Each October, pink products are in abundance to remind people about Breast Cancer Awareness Month. Breast cancer is the most commonly diagnosed cancer among American women. There are currently more than 4 million women with a history of breast cancer in the United States. This includes women currently being treated and women who have finished treatment. To reduce these numbers, plans are tasked with taking action to educate members about breast cancer, improving preventative measures and early detection through higher screening rates, and finding different ways to engage with members to close these care gaps.
As part of our monthly Closing the Gap blog series, let’s walk through the different preventative measures that plans should be aware of, the different HEDIS® and Star Ratings measures that drive these efforts, and how to better communicate with members.
Preventative measures against breast cancer
Breast cancer detected early in the localized stage, when there is no sign of the cancer spreading outside of the breast, has a five-year relative survival rate or 99%—demonstrating that preventative measures are crucial. Plans should start with better member engagement, including age-based education and reminders for self-breast exams, mammograms, and annual doctor exams. All of these outreach efforts are fairly simple and can be completed either through providers or through an outreach campaign led by a trusted partner.
It's also worth noting that several HEDIS measures in Measurement Year (MY) 2023, including Breast Cancer Screening (BCS), are stratified by race and ethnicity, allowing for better visibility across different populations and plan outreach methods. Plans should consider different messaging methods and even languages, ensuring that outreach is culturally sensitive and that the right message is reaching members. For example, some demographics may react better to humor; others may respond best to family-oriented messages; and others might respond best to frequent reminders and education to complete necessary screenings. Take care to consider which members are being told which message, and check analytics after the fact to learn more about outreach in the future. Plans can also consider comparing any found gaps against existing socioeconomic stratification for a more in-depth analysis.
Updates to the Breast Cancer Screening (BCS) measure for MY 2023
In addition to adding race and ethnicity stratification for MY 2023, BCS will see another major change in reporting. The BCS measure evaluates women 50–74 years of age who had at least one mammogram to screen for breast cancer in the past two years. BCS historically has been reported through the use of claims and supplemental data only, but will shift to include digital reporting through the electronic clinical data systems (ECDS) standard (BCS-E).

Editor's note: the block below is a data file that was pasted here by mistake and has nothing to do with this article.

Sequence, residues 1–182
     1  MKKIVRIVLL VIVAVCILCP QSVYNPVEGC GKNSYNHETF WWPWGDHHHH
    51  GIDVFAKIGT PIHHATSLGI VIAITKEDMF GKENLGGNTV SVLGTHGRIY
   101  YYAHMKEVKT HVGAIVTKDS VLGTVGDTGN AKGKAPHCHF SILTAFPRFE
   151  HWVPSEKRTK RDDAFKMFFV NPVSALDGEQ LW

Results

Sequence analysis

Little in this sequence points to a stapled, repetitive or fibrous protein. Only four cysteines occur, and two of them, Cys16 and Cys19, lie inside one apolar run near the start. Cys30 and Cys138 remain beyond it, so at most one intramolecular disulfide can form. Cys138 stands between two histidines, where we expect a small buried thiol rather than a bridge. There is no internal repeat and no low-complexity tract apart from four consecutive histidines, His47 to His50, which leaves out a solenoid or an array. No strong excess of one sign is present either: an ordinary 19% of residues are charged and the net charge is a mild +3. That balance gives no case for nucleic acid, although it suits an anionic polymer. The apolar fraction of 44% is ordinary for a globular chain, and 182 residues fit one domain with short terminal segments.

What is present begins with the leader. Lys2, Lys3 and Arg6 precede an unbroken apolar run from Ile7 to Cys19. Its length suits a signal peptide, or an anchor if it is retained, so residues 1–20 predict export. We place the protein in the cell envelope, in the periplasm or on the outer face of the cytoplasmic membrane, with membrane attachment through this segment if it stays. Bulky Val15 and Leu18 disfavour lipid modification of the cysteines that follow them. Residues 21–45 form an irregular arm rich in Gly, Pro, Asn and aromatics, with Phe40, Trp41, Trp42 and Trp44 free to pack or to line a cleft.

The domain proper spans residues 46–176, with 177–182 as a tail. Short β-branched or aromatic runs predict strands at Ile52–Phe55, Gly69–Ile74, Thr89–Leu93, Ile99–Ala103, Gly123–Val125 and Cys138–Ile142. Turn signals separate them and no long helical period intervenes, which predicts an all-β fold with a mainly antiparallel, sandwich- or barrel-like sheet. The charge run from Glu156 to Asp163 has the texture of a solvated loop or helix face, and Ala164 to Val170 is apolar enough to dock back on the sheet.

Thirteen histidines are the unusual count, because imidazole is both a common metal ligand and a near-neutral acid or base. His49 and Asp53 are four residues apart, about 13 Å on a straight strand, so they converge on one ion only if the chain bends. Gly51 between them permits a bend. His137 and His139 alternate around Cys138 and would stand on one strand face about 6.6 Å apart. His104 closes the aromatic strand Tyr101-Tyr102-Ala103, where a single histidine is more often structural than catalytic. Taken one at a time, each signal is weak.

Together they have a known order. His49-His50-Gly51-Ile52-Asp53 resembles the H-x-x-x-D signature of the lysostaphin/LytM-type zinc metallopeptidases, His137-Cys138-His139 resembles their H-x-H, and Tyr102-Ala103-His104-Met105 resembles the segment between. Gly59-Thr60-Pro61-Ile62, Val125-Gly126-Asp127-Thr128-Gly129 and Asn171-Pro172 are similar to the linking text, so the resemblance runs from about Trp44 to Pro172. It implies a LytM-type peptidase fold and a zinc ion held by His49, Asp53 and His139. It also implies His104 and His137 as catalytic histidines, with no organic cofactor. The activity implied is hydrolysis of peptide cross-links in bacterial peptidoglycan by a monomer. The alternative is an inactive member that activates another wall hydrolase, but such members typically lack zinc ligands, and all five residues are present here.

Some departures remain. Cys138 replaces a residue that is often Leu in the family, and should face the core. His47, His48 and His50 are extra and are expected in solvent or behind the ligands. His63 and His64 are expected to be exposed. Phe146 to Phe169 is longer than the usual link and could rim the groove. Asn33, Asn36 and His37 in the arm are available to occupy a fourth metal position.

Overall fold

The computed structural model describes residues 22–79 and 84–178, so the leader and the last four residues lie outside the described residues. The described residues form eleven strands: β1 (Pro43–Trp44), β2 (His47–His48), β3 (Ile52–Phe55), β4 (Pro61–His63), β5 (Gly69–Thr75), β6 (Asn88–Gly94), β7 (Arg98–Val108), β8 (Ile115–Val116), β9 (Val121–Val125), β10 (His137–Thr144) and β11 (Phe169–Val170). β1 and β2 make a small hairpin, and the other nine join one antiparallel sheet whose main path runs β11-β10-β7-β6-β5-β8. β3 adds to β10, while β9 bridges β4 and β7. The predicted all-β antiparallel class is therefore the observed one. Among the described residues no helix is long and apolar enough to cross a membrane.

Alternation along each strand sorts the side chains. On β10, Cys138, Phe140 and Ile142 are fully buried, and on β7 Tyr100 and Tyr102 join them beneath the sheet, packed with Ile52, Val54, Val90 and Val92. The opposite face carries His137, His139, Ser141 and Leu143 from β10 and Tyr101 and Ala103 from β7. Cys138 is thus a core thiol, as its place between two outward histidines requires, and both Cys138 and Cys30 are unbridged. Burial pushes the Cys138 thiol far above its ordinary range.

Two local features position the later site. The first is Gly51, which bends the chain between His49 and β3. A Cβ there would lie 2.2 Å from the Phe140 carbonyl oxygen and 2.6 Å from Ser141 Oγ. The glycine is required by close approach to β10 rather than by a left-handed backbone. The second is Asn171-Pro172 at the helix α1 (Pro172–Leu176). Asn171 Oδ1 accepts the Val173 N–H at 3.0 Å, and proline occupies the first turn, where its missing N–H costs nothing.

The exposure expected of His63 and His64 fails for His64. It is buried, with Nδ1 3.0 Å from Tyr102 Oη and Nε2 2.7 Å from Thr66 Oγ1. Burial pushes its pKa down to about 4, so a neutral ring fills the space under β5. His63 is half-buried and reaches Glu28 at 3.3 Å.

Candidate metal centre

For MY 2023 reporting, the National Committee for Quality Assurance (NCQA) retired the administrative component for the BCS measure and plans will only report the results of BCS-E. This aligns with the Centers for Medicare & Medicaid Services’ (CMS) and NCQA’s vision of a digital future. Most plans should have seen similar rates for both the BCS and BCS-E versions of the measures in past reporting years. In fact, when CMS made the announcement that it was following NCQA in requiring BCS-E for Star Ratings, it noted that: “For Medicare health plans that reported using both the administrative method and ECDS method for HEDIS measurement year 2020, results demonstrated that performance rates were nearly identical and on average differed by less than one percentage point.”
Expectations for BCS measures in the near future
In the upcoming months and years, there are a few notable changes to measures related to breast cancer screenings. For MY 2024, NCQA seeks to advance gender inclusivity and is modifying eligible populations recommended for routine breast cancer screenings to include members who identify as transgender and gender-diverse. Plans should look for any updates in rates related to this change, and other upcoming changes aimed at gender inclusivity, though it’s predicted that this modification should have a minor impact on rates.
In the Star Ratings program, when 2024 results are published in October, changes to cut points may have an impact on ratings for breast cancer screening measures. Cotiviti’s review of the 2024 cut points from the second plan preview shows the five-star cut point increased by 2%. Out of the 494 plans with a 2023 Star Rating, only 96 (19%) would receive a five-star rating with this increased cut point. That means 43 plans may miss a five-star rating this year in this measure unless they worked hard the prior year to close the screening gaps in their membership. As a single-weighted measure, this may not have a large impact on a plan's overall Star Rating, but if combined with poor performance in other preventative measures, plans could see a significant impact.
Strong starts towards prevention and improvement
While October serves as a powerful reminder to improve breast cancer screening rates, plans should focus on how to improve member engagement and keep track of measure changes throughout the year to lower cases across the board.
Closing care gaps is the key to better member health and improving HEDIS and Star Ratings performance. With so much at stake, health plans need to focus. Catch up our Closing the Gap series with our latest eBook, and learn how to close gaps in care across focusing on minority mental health, boosting immunization rates, and driving better cardiovascular health.
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